No Men For Old Country

NO MEN FOR OLD COUNTRY

     The question I get asked most often is, “Why would a medical malpractice lawyer from the Boston area write a novel about two country songwriters from Texas?”  The answer is simple.  Although these two activities are vastly diverse, they have one major thing in common. Words are what matter most for each.
     I’ve been writing country songs for decades.  I’m sorry I cannot show you unbound volumes of Tim Cagle hits, as many of them exist only in my mind.  That’s why I did the next best thing. I wrote a book about the time I closed down my law practice in my early 30’s and left for Nashville.  My big break never broke and I discovered I would always be a songwriter trapped in a lawyer’s body.
     The other question I am most asked is, why country?  The first reason is because the melodies are as stimulating as an ice-cold longneck, while the lyrics can be as soothing as comfort food.  Songwriting legend Harlan Howard once said the secret to a great country song is, “Three chords and the truth.” Finding those chords can be easy.  Truth, on the other hand, is a bit more elusive.  What’s true is often subject to interpretation.   
     I grew up in the 50’s when rock and roll started.  Clergy denounced it and parents banned it, making it the perfect recipe for juvenile rebellion.  When Elvis appeared, I wanted a guitar like most kids wanted a puppy. Unfortunately, there wasn’t enough money for food, let alone a luxury like a musical instrument.  I found a poker game during my sophomore year in high school, won five straight pots and made enough cash to get a cheap acoustic.  I also learned money won was twice as sweet as money earned. 
     In college, rock music was spreading like a prairie fire until Lyndon Johnson escalated the troop levels in Viet Nam.  That’s when the music grew dirty and ugly, as people vowed to put a stop to that unholy war. Country music was almost universally hated at the time.  Most lyrics were still mourning crop failures and binge drinking, while many artists sounded like they had sinus infections.  Then, rock and roll died, but people refused to let go.  Today, we old rockers are sitting in one, listening to country songs that could be a clone for rock’s reincarnation.  I challenge you to listen to the mega-hit “Ain’t Goin’ Down Till The Sun Comes Up”, and try not to imagine the sounds of Chuck Berry, John Fogerty of Creedence Clearwater Revival or Don Felder and Joe Walsh of the Eagles.  They lit the pathway for rock and roll; Garth Brooks is now just a surrogate. 
     The second reason I love is country is personal.  My father died a few weeks before I was born and I grew up as a poor kid.  When I was 15, the only summer job I could find was in a town an hour away. I stayed in a dumpy old hotel with a group of elderly residents, in a run-down room with a pull-chain light and a bare, unshaded light bulb.  All I had for entertainment was a cheap transistor radio my girlfriend gave me.  I had no car, no friends and no outlets.  After twelve-hour workdays, I spent nights alone in my room listening to the only station I could find, one that played country songs.  It was the first time sad lyrics triggered my emotions, and my throat grew tight and parched as I listened.  When the music finished, my sorrow felt purged.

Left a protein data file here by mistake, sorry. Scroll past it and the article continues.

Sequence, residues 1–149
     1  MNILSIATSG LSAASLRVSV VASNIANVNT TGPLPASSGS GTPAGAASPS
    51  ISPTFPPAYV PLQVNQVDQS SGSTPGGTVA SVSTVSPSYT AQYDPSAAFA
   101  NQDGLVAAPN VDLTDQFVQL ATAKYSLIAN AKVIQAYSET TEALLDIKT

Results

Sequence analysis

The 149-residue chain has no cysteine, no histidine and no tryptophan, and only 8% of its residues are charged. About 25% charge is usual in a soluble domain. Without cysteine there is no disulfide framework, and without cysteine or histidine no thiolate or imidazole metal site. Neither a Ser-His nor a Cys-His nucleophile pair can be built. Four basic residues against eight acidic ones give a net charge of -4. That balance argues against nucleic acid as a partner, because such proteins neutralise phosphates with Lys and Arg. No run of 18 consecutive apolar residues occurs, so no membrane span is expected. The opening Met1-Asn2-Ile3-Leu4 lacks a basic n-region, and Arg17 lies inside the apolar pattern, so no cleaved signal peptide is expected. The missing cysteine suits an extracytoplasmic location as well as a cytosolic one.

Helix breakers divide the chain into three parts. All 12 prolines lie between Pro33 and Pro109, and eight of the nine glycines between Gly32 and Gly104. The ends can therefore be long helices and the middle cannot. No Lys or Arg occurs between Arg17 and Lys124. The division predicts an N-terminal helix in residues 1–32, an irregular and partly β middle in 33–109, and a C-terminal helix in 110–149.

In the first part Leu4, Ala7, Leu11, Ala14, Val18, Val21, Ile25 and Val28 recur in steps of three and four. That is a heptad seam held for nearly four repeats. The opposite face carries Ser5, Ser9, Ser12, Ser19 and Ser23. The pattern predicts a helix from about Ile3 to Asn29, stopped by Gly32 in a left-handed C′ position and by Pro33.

That October, my grandmother died.  It was my first struggle with death, but I refused to cry. As I sat in church, an image appeared of that stark hotel room and a string of poignant songs began playing in my mind. After the funeral, I broke down in the car and bit my bottom lip to stay strong, but hot, bitter tears kept flowing like raindrops trickling down a windowpane. When the car stopped, I jumped out and vowed no one would ever see me cry again. Then, I went on the attack, shouting that country songs were harsh and cruel, before music whispered in my ear for the first time.  It told me to me to write my own lyrics so I could cry inside. 
     That hotel room created my epiphany into how song lyrics can paint a portrait.  That’s why my favorite lyric is from Gretchen Peters, in her song about domestic abuse, ‘Independence Day’. A wife pretends her abuser has quit drinking, yet her eight year old daughter points out proof could be found on her cheek.  It’s hard to imagine anyone who would not be moved by that image.
     My years as a musician have helped me give something back, now that I teach guitar and songwriting to my neighbor’s teenage daughters.  Taylor Swift is their favorite singer, while they refer to my repertoire as “Civil War campfire songs”.  My theory about the power of words blossomed when I taught them a three-part harmony version, which blended the lyrics from Taylor’s “Stay, Stay, Stay”, with those of Maurice Williams, whose biggest 50’s hit was called “Stay”, and inspired covers by the Four Seasons and Jackson Browne. 

     Teaching them has also convinced me this is what songwriter Lori McKenna meant when she wrote about helping who’s next in line, in the Grammy-winning hit she wrote for Tim McGraw, called ‘Humble and Kind’.”  That’s why I have found whether I’m acting as a songwriter, a lawyer or just a guy, words are what matter most.  As Barry, Robin and Maurice Gibb of the BeeGees once told us in their mega-hit “Words”, lyrics are the only thing we have that can take our hearts away.

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